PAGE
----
For the Guardian, in 2005 she named her top ten books for winter nights. One title on the list:
Possession by AS Byatt, 1990Read about another book on Kostova's list.
This book has been reviewed so widely, so recently, and with such ferocious praise that I blush to put anything down about it unsupervised, but my copy of it is certainly one of the most pleasantly worn and thumbed on my shelf. Many of Byatt's novels deal with academia, of course, but in this one she deliberately sets out to conquer the historical mystery as well. Two young academics at interesting odds with each other find themselves piecing together the possible love story of two great (fictional, but hugely convincing) Victorian poets. The mystery of this literary past is couched partly in the poets' verse (Byatt's creation), some of which is exquisite in its own right. The novel gives off an eerie sense of real voices drifting in from the past, and at the same time is leavened by a good deal of sly parody of scholarly obsession. As always, Byatt wields beautiful prose, and the mix of prose and poetry gives the book a sensuality as mysterious as anything in the plot. I first read Possession when it came out and (like many other readers) was inspired by it to read the rest of Byatt's oeuvre to date.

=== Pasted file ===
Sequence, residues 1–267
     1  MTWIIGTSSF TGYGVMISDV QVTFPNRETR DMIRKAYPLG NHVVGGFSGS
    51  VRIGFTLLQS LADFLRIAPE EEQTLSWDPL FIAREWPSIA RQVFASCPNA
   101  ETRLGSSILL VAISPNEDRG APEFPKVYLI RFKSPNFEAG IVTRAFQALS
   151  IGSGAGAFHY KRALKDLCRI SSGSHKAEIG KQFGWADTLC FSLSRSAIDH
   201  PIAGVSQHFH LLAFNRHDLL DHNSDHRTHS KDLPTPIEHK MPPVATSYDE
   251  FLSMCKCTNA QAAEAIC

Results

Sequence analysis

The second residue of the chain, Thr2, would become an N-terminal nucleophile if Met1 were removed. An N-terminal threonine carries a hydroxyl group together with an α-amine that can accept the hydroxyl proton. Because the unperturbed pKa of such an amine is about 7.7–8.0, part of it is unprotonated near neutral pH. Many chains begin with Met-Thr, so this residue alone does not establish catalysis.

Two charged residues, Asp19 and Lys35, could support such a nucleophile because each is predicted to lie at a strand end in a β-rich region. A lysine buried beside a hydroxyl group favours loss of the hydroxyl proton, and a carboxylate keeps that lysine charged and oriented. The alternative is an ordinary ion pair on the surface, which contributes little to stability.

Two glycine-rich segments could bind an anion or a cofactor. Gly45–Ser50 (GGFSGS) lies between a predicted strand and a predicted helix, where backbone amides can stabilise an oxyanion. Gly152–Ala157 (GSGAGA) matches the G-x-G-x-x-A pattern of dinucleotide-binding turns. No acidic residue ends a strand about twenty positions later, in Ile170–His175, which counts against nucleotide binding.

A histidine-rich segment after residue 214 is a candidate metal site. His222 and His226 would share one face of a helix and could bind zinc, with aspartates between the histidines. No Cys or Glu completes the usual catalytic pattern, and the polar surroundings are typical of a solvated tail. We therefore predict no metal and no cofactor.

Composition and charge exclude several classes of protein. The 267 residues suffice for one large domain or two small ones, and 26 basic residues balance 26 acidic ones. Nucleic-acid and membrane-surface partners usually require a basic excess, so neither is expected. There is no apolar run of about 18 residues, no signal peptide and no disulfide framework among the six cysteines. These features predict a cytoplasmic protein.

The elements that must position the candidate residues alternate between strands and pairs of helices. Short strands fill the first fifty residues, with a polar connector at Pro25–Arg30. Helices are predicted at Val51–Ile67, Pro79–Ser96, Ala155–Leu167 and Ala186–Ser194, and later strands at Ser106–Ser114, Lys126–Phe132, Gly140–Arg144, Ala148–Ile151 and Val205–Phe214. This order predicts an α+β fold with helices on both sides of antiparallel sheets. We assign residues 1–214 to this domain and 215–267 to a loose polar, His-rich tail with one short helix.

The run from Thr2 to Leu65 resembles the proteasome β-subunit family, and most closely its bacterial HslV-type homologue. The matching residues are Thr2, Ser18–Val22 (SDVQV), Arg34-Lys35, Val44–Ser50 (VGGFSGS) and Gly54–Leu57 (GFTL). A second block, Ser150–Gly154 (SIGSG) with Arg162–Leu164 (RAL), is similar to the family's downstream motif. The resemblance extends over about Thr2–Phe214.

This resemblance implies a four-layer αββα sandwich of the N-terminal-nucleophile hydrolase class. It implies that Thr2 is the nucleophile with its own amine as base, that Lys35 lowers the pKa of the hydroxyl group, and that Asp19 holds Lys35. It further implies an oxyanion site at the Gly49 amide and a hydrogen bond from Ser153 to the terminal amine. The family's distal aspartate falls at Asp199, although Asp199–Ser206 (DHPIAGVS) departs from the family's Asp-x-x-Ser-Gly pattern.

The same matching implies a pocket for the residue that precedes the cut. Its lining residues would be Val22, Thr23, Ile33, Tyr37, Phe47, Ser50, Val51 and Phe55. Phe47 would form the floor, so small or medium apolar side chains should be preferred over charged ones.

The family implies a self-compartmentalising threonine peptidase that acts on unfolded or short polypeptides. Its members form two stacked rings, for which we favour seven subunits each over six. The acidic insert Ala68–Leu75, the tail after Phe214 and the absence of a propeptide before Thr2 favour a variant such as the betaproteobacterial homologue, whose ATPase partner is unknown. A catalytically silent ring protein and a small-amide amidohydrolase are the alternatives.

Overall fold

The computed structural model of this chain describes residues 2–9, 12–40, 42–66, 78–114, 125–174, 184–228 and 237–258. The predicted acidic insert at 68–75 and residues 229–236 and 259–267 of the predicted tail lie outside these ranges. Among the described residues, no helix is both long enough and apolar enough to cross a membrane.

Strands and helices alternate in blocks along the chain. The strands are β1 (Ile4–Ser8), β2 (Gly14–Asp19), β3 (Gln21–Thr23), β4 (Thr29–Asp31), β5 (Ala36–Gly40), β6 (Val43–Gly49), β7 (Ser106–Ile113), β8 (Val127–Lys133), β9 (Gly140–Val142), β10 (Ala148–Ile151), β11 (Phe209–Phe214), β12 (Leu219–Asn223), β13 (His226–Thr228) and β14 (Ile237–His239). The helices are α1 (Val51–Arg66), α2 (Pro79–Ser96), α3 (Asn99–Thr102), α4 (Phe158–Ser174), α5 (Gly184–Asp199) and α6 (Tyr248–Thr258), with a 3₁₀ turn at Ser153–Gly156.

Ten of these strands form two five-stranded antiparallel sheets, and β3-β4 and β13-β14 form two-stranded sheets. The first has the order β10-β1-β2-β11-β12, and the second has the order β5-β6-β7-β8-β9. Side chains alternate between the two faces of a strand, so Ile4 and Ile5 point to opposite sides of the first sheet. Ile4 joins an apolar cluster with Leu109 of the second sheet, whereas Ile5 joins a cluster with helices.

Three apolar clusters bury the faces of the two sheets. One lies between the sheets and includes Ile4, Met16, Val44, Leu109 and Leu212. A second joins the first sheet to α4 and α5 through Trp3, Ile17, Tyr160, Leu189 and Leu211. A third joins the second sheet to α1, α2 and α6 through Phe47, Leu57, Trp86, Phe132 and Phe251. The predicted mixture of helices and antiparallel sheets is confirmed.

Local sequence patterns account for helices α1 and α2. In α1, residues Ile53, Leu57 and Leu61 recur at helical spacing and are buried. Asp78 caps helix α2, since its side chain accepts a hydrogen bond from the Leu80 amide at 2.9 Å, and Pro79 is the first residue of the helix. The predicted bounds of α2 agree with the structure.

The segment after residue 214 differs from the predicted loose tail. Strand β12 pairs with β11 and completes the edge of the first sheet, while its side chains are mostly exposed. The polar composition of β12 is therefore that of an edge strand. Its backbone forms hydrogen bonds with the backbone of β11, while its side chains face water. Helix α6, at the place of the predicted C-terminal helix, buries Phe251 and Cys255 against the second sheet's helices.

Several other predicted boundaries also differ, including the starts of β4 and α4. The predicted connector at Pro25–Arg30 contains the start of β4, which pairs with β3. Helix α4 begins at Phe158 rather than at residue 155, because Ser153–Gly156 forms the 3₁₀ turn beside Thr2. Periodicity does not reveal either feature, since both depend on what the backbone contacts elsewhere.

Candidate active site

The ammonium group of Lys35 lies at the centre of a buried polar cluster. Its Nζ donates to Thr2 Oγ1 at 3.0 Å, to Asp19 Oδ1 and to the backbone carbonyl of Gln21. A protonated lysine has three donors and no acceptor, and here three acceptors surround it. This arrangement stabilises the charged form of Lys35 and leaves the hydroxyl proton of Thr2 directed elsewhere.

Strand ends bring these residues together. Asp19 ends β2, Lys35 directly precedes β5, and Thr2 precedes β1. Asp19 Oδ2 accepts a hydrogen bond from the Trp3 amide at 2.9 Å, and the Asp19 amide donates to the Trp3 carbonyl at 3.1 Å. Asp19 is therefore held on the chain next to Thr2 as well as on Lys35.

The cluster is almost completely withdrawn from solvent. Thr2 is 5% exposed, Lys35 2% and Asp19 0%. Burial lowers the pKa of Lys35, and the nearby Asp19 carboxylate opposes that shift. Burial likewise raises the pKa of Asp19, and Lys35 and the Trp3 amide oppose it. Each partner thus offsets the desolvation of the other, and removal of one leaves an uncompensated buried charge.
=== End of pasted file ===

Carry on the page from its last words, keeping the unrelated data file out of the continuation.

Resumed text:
Possession also appears on John Mullan's lists of ten of the best locks of hair in fiction, ten of the best graveyard scenes in fiction, and ten of the best lawyers in literature, and on Christina Koning's top six romances critic's chart.
Also see Alan Cheuse's short list of books to warm a winter's night and the Independent's list of the fifty best winter reads.